"We're all on the Truman show," I say, in describing Shanghai

Two interesting articles on the struggle over what folks think in China. Or, rather, what they say about what they think.

This article from The Sydney Morning Herald outlines the pedestrian efforts of state security at colleges abroad in Australia.

Fairfax has interviewed lecturers and Chinese-born students who have suffered repercussions because of comments they made in Australian classrooms which were reported through Chinese intelligence channels. “I was interrogated four times in China,” said a senior lecturer at a high-ranking Australian university.

Brings back memories of students of mine from Fudan University in Shanghai from about ten years ago who told me, in disgust, of how internal campus police pressured them to join and spy on Hong Kong organizations. They were slated to study in the Special Autonomous Region because they were among Shanghai’s best and brightest.

Their crime (and the security apparatchiks’ leverage) that brought them into contact with the officials (the reason for having such a contingent in the campus police was so that the college was spared any embarrassment from having their dirty laundry aired by the municipal officials) was their curiosity about the government’s repression of the June 3-4, 1989 Tiananmen uprising. The three young men told me they had been detained and questioned and their dormitories searched because they had burned some DVDs with information they found on line. They also marked up a bed sheet which they displayed for 45 minutes inviting a public discussion about the June 4th incident. “We just wanted to have a discussion,” one told me.

Often, on the anniversary of the repression of the uprising which had begun April 15, 1989, someone displays a sign somewhere. Right before the anniversary official China gets edgy and plainclothes strangers start appearing in public.

The three boys said the lesson they had learned from the official response to their inquisitiveness was to hate their country’s government, and, perhaps, also their country.   They had come to me since they had heard that I had been a journalist. 19 & 20, each declared in a one-on-one conversation with me, “I am a man.”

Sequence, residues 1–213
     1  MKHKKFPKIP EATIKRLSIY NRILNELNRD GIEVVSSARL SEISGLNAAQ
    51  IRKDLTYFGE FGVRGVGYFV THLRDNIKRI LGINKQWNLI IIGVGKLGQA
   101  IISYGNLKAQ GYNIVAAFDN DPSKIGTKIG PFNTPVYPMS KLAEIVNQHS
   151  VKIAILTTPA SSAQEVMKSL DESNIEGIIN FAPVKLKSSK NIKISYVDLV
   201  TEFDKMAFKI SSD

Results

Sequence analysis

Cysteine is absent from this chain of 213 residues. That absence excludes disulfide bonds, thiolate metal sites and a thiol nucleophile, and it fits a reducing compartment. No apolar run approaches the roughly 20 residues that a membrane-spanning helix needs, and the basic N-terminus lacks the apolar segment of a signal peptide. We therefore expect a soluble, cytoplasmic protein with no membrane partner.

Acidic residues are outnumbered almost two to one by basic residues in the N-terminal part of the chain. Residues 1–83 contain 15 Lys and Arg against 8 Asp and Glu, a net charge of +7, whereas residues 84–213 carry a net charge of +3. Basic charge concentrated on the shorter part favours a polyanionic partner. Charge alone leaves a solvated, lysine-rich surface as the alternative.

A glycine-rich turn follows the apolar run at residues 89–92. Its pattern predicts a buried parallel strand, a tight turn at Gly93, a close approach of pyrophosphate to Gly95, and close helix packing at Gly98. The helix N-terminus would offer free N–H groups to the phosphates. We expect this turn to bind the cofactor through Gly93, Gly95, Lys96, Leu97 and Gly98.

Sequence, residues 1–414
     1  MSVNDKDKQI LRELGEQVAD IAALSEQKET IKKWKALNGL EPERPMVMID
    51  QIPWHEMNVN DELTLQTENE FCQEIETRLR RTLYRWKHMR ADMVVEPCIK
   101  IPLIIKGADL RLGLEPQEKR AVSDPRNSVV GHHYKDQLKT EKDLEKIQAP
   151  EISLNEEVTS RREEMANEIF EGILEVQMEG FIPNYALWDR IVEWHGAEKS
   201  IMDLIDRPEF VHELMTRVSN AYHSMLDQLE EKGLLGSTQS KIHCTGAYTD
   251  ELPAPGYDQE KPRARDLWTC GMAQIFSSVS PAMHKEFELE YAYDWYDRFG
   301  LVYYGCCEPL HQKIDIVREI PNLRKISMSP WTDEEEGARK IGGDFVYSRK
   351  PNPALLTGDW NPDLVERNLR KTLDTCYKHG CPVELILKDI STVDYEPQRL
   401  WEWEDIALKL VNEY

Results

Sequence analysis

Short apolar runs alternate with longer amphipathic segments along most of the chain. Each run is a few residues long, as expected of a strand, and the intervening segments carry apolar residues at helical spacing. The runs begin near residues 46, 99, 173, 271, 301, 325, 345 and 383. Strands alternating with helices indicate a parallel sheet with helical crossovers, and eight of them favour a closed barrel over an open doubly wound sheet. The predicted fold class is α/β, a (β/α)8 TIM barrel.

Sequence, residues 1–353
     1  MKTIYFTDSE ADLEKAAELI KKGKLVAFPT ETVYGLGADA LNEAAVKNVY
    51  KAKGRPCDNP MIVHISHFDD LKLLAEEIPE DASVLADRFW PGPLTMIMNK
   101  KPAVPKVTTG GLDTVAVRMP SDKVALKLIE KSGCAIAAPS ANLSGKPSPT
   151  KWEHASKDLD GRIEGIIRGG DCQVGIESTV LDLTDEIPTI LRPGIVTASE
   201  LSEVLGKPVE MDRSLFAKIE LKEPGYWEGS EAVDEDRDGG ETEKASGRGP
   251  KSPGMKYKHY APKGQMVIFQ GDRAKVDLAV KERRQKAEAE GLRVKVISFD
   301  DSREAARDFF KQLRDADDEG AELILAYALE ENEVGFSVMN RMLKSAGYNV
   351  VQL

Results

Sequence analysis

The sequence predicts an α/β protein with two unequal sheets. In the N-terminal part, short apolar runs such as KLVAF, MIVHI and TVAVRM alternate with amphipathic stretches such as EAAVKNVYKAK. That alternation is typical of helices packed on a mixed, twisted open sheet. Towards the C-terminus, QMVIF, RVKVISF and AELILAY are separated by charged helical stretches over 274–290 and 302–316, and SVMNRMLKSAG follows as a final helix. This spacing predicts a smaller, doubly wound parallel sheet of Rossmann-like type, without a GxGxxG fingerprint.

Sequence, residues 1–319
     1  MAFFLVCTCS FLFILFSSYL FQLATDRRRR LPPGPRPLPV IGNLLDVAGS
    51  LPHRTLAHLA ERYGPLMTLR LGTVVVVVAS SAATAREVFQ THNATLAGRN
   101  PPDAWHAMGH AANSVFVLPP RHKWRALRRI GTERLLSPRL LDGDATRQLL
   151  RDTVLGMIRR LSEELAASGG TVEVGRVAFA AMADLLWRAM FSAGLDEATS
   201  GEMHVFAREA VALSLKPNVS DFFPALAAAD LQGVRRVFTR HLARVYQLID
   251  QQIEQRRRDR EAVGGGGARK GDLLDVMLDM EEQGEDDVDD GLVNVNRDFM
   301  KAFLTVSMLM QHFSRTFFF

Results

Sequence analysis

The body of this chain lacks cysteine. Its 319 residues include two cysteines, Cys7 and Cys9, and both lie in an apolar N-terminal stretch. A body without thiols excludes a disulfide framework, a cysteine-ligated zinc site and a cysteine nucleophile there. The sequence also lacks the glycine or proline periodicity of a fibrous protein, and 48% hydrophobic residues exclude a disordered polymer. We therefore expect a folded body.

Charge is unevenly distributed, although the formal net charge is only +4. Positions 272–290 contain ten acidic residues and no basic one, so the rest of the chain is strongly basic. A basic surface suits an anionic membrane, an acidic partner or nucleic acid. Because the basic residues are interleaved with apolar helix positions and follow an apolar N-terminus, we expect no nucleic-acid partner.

“Not yet, but you’re getting there,” I said.

I was a teacher at that time. My job, as my department head had instructed me, was also to make sure my students became responsible men and women. I recall one boy telling me we would all gather at my apartment for a party. They brought beer. I showed a move: the 1960s comedy The Russians Are Coming.

Last I heard one of the three wrote me to say he was living in Germany and was much happier, especially since he could cross the international borders of the EU unimpeded and meet Italian girls who seemed, he wrote, to take a shine to him.

This article  from an English-language Chinese publication called The World Of Chinese illustrates another, more insidious invasion: that of American English (and basketball) into the slang of the Chinese language.

ni xing ni shang【你行你上】

This means ‘”if you can do it, then you go and do it.” The entry on the UrbanDictionary.com elaborates: “it’s used against people who criticize others’ work, especially when the criticizer is not that much better.” Often the phrase is followed by “no can no BB” (bu xing bie BB【不行别BB】), which means “if you can’t do it, then don’t criticize others”. “BB” means to nag or complain in Beijing and Dongbei dialects.

The phrase originated from the public’s response to the Lakers’ being defeated by the Thunder in the Western Conference Semi-finals of 2012. A lot of people blamed Kobi for losing the game at that time, but one of the real fans of Kobi came to his defense and said: “you can you up”. This later was widely spread on the internet and became popular internet slang.